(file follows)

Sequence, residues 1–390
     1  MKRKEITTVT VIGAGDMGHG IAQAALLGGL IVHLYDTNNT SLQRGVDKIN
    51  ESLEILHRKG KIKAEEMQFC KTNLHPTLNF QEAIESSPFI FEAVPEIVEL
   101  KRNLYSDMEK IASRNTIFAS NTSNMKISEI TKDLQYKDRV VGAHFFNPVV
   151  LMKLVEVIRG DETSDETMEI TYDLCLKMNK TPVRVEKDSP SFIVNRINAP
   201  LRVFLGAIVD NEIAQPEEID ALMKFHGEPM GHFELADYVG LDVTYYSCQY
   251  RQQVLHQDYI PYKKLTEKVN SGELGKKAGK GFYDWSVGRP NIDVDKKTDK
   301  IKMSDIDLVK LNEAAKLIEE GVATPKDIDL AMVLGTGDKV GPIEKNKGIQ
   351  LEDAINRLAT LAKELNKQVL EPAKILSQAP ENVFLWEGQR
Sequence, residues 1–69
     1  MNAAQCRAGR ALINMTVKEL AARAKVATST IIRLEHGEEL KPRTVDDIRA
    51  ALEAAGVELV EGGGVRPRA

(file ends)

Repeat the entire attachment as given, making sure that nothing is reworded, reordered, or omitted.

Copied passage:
Sequence, residues 1–390
     1  MKRKEITTVT VIGAGDMGHG IAQAALLGGL IVHLYDTNNT SLQRGVDKIN
    51  ESLEILHRKG KIKAEEMQFC KTNLHPTLNF QEAIESSPFI FEAVPEIVEL
   101  KRNLYSDMEK IASRNTIFAS NTSNMKISEI TKDLQYKDRV VGAHFFNPVV
   151  LMKLVEVIRG DETSDETMEI TYDLCLKMNK TPVRVEKDSP SFIVNRINAP
   201  LRVFLGAIVD NEIAQPEEID ALMKFHGEPM GHFELADYVG LDVTYYSCQY
   251  RQQVLHQDYI PYKKLTEKVN SGELGKKAGK GFYDWSVGRP NIDVDKKTDK
   301  IKMSDIDLVK LNEAAKLIEE GVATPKDIDL AMVLGTGDKV GPIEKNKGIQ
   351  LEDAINRLAT LAKELNKQVL EPAKILSQAP ENVFLWEGQR
Sequence, residues 1–69
     1  MNAAQCRAGR ALINMTVKEL AARAKVATST IIRLEHGEEL KPRTVDDIRA
    51  ALEAAGVELV EGGGVRPRA